There is no question that Paul reworked the biblical traditions about Abraham to create a new identity for the people of God. According to Paul, Abraham has established a new kind of family, one made up of Jews and Gentiles. Therefore, Abraham is an ancestor who encompasses many nations and thus enables Jews and Gentiles to become kin.
According to Luke, Abraham is the primary recipient of God’s promise to the fathers. This theme of God’s promise is constant throughout Luke’s masterpiece. Nils Dahl commenting on Stephen’s Sermon wrote: “God’s word to Abraham is seen as the beginning of a history in which partial realizations are interconnected with new promises, until the coming of the Righteous One, of whom all the prophets spoke.” Stephen’s Sermon also indicated there was continuous resistance to the prophetic Holy Spirit.
Josephus recognized that the followers of Jesus had made Abraham an important person in their presentation of the gospel. Josephus also rewrote the biblical accounts of Abraham. Feldman indicated that Josephus was interested in demonstrating that Judaism had produced persons of accomplishments. Josephus wrote: “He was a person of great sagacity, both for understanding all things and persuading his hearers, and not mistaken in his opinions; for which reason he began to have higher notions of virtue than others had, and he determined to renew and to change the opinion all men happened then to have concerning God; for he was the first that ventured to publish this notion, That there was but one God, the Creator of the universe; ...."
Josephus also had another concern: how to address the success of the followers of Jesus in the Diaspora? As noted earlier, King Saul is more important in the writings of Josephus than either David or Moses. Saul, of course is the name by which the Jewish community knows Paul. Since Josephus has targeted as his audience the Diaspora that was the same audience targeted by Paul with considerable success, we should consider how Josephus has presented the story of Abraham to his audience and its significance.
The monotheistic view of Abraham was important to both Paul and Josephus. Both Paul and Josephus relied upon the tradition of Abraham as the one who rejected idolatry and astral worship in favor of the creator God. This tradition found, inter alia, in Jubilees and Philo exalted the faith of Abraham in the one God as a revolutionary departure from Mesopotamian beliefs.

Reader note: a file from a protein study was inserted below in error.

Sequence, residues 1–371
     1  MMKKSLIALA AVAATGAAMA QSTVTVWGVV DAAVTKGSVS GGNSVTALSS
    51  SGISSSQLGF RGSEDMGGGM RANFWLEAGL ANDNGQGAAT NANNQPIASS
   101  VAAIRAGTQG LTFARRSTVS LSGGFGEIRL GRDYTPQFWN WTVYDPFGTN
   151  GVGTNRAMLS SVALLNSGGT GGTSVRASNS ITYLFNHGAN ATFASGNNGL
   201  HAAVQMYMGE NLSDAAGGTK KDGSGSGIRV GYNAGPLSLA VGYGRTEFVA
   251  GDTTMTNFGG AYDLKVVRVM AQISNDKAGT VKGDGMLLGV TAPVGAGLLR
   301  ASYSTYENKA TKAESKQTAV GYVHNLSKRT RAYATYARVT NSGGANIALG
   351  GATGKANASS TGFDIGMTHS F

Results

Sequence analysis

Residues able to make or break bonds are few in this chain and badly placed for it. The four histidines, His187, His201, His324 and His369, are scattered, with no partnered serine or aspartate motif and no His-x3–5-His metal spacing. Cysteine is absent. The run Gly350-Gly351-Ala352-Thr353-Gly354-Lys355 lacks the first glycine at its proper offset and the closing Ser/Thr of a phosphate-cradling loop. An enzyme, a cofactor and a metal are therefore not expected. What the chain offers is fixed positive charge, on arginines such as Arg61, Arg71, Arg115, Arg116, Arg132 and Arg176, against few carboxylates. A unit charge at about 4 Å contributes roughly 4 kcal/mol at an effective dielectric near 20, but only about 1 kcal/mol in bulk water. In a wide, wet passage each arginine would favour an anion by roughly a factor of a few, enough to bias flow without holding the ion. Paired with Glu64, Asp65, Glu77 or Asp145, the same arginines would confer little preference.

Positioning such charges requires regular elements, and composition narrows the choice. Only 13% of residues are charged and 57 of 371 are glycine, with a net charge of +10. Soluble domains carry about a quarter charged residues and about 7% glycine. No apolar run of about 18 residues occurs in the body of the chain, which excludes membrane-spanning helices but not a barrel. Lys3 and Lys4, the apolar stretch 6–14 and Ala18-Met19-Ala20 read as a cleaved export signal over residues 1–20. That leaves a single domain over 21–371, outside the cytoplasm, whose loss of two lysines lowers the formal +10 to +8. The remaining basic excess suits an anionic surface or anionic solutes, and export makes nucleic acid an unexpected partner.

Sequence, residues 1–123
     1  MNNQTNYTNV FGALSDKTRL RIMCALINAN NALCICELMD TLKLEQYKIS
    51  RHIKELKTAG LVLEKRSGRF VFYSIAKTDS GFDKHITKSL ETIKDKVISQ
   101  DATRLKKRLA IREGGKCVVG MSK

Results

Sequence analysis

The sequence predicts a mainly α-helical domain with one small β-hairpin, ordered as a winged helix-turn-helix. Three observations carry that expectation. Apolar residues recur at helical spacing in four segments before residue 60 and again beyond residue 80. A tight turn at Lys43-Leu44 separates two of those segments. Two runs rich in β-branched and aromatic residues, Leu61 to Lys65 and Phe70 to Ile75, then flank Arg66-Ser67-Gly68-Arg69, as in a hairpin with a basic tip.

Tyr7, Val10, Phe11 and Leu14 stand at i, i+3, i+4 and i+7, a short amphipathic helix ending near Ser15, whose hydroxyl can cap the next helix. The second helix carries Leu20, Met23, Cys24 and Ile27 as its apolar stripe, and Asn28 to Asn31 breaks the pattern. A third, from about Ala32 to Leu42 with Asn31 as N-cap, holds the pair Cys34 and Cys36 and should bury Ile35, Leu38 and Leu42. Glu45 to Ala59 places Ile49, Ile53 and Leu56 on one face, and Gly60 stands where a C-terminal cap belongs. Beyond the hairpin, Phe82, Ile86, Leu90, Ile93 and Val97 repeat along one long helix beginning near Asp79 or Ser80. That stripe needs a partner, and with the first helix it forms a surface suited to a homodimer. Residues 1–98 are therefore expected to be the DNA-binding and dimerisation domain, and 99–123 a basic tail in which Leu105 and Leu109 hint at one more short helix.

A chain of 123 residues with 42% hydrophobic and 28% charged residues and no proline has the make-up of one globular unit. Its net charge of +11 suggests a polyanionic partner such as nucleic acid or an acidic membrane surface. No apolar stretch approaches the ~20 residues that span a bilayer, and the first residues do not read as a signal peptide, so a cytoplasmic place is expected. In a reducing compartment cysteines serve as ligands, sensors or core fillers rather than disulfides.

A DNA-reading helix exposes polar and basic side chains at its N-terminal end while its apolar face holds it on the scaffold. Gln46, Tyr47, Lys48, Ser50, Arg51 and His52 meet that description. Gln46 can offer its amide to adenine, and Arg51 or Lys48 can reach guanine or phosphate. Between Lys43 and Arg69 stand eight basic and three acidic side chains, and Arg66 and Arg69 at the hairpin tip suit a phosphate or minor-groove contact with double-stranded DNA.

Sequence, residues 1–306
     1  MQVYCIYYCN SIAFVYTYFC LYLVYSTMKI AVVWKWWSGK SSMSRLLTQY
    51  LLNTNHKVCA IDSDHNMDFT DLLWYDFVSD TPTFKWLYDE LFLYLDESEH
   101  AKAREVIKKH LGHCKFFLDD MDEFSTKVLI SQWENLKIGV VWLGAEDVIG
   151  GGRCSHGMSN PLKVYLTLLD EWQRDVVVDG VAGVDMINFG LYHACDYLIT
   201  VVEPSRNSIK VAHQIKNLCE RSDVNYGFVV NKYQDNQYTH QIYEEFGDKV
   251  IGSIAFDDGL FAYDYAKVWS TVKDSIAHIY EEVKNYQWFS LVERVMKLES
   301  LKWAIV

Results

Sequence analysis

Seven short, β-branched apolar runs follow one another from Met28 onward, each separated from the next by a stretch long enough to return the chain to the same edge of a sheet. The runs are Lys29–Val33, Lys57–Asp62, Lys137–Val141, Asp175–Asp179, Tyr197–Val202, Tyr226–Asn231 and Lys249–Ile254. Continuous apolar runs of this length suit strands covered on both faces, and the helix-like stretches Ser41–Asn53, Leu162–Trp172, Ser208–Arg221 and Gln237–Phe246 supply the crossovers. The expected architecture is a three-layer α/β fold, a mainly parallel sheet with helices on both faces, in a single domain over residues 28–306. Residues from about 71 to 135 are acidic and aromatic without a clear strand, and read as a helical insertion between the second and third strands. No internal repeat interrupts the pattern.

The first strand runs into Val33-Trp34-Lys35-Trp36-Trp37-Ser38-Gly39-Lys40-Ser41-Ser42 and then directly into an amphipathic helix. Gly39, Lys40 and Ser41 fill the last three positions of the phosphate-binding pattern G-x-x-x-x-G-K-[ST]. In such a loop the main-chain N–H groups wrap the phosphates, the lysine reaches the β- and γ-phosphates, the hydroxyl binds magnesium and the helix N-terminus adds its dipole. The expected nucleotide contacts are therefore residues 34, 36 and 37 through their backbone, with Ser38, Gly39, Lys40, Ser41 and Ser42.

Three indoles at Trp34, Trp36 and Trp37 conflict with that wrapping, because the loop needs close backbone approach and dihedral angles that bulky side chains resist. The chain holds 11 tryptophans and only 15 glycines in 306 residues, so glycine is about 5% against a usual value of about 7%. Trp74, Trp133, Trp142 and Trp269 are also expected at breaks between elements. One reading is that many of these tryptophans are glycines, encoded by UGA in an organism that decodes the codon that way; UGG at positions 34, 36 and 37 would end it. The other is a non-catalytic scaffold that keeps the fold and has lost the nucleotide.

Josephus placed emphasis on the oneness of God which is seen in the “one holy city,” “one temple,” and “one altar.” For Josephus, the one God and one temple are the central themes of the Jewish law. Near the end of Book IV, Moses gives his last address to the people. His directives include, inter alia, the requirements that: the one city is to be chosen with one temple and one altar "And let there be neither an altar nor a temple in any other city; for God is but one, and the nation of the Hebrews is but one"; the people shall not blaspheme the gods of foreign cities or steal from their temples; they shall recite the shema twice daily and remember with thanksgiving the deliverance from Egypt; place a mezuzot on the doorpost and the men shall wear phlacteries.
Josephus expands the biblical accounts of Abraham recorded in Genesis 12-36 in two significant ways while proclaiming Abraham as “the one from whom the Hebrews sprang and to whom they owe their distinctiveness.” According to Josephus, Abraham ascertained the truth of monotheism from his observations of the movement of celestial bodies (
Feldman notes that Josephus presents Abraham as open-minded distancing the Patriarch from the pagan views of Jewish monotheism as intolerant. In Genesis, Abraham is expelled from
There are numerous instances both in ancient Jewish and non-Jewish texts illustrating Jewish self-affirmation and their identification by others in clearly monotheistic rhetoric. Of the non-Jewish writers, Tacitus is a representative example: “the Jews acknowledge one God only, and conceive of Him by the mind alone,” reflecting Jewish monotheism and rejection of cult images. Among non-rabbinic texts of Jewish provenance, affirmations of God's uniqueness can be found in Sibylline Oracles, Aristeas, Wisdom of Solomon, and references in Philo and Josephus (e.g., Ant. 2.12:4; Apion 2:33ff.).